But Paul — very much alive and actually on the island with his policeman father Carl — are in hot pursuit of the pair. Paul and his dad torment Cassandra — who they still believe may have been involved in her husband’s murder — by staging a series of ghostly visions of Paul to try and send her over the edge.
To make matter worse Adrian is plotting to kill Cassandra so he can inherit the George Rawlins multi-million dollar estate.
The show made a great choice for its first shoot outside the United States,” said Ms Arvesen. “This was my first opporrtunity to get to go to Bermuda.
“The trip to Bermuda was the ultimate adventure for me — I think Bermuda is the most beautiful island in the world! And I still receive thousands of fan letters and emails from fans all over the world who want to see ‘The Young and the Restless’ return to the Bermuda to for another storyline .”
CBS Studio Centre, located in Studio City, California, shipped the cast and crew and a dozen truckloads of equipment to Bermuda for the location shoot.
“Life in Bermuda was great, I really enjoyed it,” said Ms Arvesen. “I was lucky enough to work in Bermuda for for 10 days.
“But it was hard work. The cast and crew actually worked 18 hours a day in Bermuda. After we first arrived in Bermuda, the shooting of the outdoor scenes had to be cancelled and re-arranged due to a few rainy days.”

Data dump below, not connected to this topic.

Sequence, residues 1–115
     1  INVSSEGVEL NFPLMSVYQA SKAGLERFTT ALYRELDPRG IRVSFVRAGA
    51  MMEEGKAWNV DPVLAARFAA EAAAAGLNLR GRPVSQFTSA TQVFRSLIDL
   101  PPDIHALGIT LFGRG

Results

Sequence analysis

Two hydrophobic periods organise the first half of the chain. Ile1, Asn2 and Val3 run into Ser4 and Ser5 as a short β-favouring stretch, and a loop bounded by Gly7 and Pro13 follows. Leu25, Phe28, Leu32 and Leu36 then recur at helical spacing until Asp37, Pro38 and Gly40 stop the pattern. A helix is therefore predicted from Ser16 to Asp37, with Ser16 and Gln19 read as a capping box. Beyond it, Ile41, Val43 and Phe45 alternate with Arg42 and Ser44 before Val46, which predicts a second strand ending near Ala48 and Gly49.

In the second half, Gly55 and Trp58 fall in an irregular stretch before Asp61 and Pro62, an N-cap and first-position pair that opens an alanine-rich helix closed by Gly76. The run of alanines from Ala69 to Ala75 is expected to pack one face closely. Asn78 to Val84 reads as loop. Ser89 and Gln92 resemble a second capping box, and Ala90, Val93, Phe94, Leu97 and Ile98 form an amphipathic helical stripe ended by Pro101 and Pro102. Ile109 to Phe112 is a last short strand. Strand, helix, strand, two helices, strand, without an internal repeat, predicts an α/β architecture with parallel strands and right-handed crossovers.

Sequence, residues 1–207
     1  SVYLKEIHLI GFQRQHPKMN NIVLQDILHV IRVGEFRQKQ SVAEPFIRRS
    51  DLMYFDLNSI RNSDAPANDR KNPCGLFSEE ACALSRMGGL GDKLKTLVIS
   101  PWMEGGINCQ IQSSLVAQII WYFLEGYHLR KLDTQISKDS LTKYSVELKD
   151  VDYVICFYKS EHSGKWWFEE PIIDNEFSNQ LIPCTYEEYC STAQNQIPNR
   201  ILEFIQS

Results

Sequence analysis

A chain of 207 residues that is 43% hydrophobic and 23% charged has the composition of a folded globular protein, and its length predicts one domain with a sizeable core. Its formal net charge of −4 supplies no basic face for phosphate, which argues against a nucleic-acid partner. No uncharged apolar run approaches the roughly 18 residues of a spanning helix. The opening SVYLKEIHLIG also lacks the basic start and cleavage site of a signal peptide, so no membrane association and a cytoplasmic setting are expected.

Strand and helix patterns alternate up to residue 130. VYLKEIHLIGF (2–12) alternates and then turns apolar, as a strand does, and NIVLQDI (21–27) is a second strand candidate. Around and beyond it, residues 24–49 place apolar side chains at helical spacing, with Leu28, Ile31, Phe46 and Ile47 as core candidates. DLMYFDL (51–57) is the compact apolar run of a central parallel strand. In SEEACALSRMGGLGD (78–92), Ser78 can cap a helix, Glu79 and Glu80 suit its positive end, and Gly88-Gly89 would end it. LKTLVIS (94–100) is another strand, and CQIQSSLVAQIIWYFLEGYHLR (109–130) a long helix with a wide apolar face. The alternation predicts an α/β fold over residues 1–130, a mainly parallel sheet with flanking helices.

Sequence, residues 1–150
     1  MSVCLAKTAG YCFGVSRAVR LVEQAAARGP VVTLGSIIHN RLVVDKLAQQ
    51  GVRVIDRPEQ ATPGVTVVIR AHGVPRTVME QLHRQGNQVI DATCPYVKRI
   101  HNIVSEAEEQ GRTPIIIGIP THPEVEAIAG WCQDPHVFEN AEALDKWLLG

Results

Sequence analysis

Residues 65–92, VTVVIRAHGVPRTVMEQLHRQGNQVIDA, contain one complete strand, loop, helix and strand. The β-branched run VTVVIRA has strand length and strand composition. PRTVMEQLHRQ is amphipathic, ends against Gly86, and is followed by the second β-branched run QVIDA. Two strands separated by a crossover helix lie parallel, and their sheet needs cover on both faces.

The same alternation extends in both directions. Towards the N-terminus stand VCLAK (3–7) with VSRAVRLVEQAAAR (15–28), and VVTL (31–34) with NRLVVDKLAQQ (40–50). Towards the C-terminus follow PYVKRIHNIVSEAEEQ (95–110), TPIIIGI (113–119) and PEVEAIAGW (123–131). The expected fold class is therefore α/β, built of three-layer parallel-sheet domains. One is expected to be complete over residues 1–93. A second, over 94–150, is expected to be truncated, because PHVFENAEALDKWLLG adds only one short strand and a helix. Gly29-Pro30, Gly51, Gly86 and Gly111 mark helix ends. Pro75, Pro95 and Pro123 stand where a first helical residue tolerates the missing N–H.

Ms Arvesen — who speaks six languages fluently as a result of her peripatetic childhood — said she still looks back with fondness at her days in Bermuda.
“I had an opportunity to meet some of the best people in Bermuda,” she said. “Bermuda truly put me on the map I made headlines in all the newspapers in 1990 when ‘The Bermuda Love Triangle’ achieved the number one ratings status.”
Bermudian Wendi Nixon-Fiedler, whose production house Panatel helped to coordinate the local end of the daytime drama’s Bermuda shoot, said the island not only gained worldwide exposure thanks to the picturesque footage featured in the “Young & The Restless” episodes but also received a welcome boost to the economy.
“I remember this well,” she has posted. “We [ended up] employing 150-plus Bermudians for this production from personal assistants/runners, wardrobe, stylists, camera crew, gaffer, grips, caterers and some serious Bermuda on-camera talent [ranging from veteran hotel and nightclub entertainer Gene Steede to lawyer/playwright Warren Cabral].
“It was demanding and great fun!”
Ms Arvesen — who went on to appear in the NBC soap opera “Santa Barbara” after leaving “The Young & The Restless” — is now retired from acting and runs a dance studio in Santa Monica, California.
But her days in Bermuda are never far from her thoughts — or those of the legions of “Young & The Restless” fans around the world.
“The’ Bermuda Love Triangle’ storyline and the elaborate George Rawlins murder mystery seems to have made the greatest impact on ‘Young & The Restless’ viewers worldwide who still remember its vivid characters,” she said. “After more than 20 years, the Bermuda plot has demonstrated it still has remarkable staying power!”